The Yellowstone area has been used by humans for centuries, in fact, for at least 8000 – 10,000 years. This evidence does not all come directly from study of archaeological sites within the boundaries of the park, but includes results from the study of many archaeological sites surrounding the park in Wyoming, Montana and Idaho.
In more recent times, particularly since the horse was introduced by the Spanish, who were centered at Santa Fe, the Blackfeet, Crow and Shoshone-Bannock were the most regular users of the Yellowstone area. Many other tribes, such as the Nez Perce and Flathead, traveled through the area on their way to hunt bison on the Great Plains. At the time of the Lewis and Clark expedition until the 1870’s, the only full time inhabitants of the Yellowstone region and the surrounding mountains were the Sheepeaters (1.), a band who lived in small groups and spoke a Shoshonean language. The Wind River Shoshone would often spend summers in Yellowstone where they would quarry obsidian, fish and hunt and trade with the Sheepeaters.
It is unclear when the Sheepeaters arrived in the Yellowstone area. The earliest reports from hunters and trappers in the area occur about 1810. These reports are framed in the typical ethnocentrism of the era with a report from 1825 stating, “They are miserably poor, own no horses, and are destitute of every convenience to be derived from an intercourse with the whites.”
Their tools were made from the obsidian found locally, including those used to cut wood for constructing their housing. They made no permanent houses, but used caves, skin covered lodges supported by flexible branches and brush covered wickiups. They were skilled in making bows from the horns of the mountain sheep they hunted by heating and shaping the material. These bows, armed with arrows tipped with obsidian points, allowed them to provide meat for their small living group.
Other foods were provided by the women who dug roots and gathered greens and berries found abundantly in summer. They would move almost continuously during the summer, following the food supply as it ripened. In the winter they would occupy semi-permanent camps in a location where game would be abundant. They used snowshoes to give them a mobility and speed advantage over the large game animals which would break through the deep snow and be trapped. They also constructed traps from fallen wood into which they would drive small groups of animals.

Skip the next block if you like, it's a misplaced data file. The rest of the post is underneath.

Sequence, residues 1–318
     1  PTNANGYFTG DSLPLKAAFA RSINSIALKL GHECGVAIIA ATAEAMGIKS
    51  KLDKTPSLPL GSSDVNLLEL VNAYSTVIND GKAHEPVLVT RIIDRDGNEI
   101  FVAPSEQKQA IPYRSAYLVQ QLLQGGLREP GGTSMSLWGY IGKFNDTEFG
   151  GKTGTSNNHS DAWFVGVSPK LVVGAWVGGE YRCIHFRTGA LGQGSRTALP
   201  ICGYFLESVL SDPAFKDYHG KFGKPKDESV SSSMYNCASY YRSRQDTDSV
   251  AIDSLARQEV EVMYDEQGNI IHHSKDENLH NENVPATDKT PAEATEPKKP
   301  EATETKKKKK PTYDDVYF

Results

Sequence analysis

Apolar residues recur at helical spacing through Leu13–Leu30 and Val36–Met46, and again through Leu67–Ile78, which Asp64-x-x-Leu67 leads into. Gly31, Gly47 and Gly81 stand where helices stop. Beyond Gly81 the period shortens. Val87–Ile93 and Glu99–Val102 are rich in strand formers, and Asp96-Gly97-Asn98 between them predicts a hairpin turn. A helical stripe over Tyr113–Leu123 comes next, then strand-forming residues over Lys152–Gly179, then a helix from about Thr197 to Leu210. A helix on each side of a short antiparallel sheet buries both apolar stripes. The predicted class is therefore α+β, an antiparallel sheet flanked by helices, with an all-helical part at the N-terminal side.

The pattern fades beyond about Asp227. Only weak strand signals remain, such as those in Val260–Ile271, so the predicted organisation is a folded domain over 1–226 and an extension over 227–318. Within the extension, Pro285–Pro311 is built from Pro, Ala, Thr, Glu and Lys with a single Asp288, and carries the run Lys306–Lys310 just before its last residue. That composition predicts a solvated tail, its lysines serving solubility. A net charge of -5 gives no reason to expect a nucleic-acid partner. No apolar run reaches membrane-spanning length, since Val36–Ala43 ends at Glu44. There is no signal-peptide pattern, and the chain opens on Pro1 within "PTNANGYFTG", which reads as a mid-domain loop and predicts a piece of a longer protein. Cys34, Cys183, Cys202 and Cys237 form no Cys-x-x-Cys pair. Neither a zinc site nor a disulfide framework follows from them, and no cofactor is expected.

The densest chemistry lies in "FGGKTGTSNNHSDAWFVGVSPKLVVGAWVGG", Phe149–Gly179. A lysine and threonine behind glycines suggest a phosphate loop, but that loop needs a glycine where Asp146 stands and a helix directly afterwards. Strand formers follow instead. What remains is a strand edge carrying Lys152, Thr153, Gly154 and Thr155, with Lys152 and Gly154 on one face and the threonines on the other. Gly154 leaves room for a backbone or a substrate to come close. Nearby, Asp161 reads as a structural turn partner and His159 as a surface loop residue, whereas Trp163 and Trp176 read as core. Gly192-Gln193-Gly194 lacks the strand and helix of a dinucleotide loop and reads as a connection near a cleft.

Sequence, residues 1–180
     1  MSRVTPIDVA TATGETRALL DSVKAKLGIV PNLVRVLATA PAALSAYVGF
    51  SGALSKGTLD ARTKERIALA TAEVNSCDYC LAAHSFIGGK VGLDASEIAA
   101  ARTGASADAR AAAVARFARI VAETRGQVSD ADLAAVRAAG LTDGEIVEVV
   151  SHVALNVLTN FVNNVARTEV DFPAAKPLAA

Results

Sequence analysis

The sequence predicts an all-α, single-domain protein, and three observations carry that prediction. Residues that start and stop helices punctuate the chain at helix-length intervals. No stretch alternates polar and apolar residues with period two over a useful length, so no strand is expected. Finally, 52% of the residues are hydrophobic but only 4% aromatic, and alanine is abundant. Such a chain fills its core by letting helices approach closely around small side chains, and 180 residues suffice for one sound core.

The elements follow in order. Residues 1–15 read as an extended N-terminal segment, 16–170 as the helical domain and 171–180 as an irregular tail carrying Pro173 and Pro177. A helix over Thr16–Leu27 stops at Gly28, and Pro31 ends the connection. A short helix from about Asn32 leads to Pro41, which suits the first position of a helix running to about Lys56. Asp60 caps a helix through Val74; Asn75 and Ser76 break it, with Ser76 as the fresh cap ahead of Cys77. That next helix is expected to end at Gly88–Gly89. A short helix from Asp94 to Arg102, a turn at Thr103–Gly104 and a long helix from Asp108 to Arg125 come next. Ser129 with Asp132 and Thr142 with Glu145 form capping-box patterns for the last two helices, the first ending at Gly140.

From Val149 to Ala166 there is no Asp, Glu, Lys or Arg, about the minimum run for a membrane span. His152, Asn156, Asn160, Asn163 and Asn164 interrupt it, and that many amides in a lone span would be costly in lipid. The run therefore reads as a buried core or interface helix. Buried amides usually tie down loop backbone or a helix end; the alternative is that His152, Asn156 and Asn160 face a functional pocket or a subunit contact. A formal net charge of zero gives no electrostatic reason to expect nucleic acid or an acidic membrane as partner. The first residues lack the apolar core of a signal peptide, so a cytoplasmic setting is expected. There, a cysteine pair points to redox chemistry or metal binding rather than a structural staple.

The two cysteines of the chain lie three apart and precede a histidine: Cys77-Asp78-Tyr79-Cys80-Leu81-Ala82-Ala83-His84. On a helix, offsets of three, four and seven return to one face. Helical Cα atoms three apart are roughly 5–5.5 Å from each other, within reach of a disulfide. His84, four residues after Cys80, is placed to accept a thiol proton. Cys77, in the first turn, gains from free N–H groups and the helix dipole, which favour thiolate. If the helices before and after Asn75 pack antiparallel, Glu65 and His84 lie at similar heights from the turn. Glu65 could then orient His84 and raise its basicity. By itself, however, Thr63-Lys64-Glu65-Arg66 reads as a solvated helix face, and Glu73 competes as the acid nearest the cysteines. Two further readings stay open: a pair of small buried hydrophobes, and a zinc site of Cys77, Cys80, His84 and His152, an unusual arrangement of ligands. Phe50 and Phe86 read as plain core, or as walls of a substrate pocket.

The Sheepeaters were noted for the high quality of their tanned hides which had a high trade value, as did the bows they made from the horns of the mountain sheep. These bows took two months to construct and were powerful enough to drive an arrow completely through a buffalo. The few bowls used by the Sheepeaters were made from a soft rock available locally, steatite. While by 1800 the Sheepeaters did have access to some trade goods obtained from the Europeans, their lack of mobility and isolation made these items very rare luxuries.
When Yellowstone became a National Park in 1872, the presence of Indians in the park was viewed as a deterent to the development of the park as a tourist destination. After the Nez Perce War of 1877, in which the fleeing Nez Perce crossed Yellowstone, and the Sheepeater War of 1879 (in Idaho), the Park Superintendent, Colonel P. W. Norris was determined to remove all Indians from the park. Norris succeeded in having the Sheepeaters moved to either the Wind River Shoshone Reservation or to the Fort Hall Shoshone Bannock Reservation in Idaho, ending any Indian presence in Yellowstone.
(1) The Shoshone apparently referred to themselves by the name of the food most important to their livlihood. Other groups were known as Buffalo Eaters, Salmon Eaters, Rabbit Eaters and Pine Nut Eaters.
We’re still heading south on Grand Loop Road. Along the top of the ridge it looks like there had been a fire.
We come to North Twin Lake; ho da nani, yeah?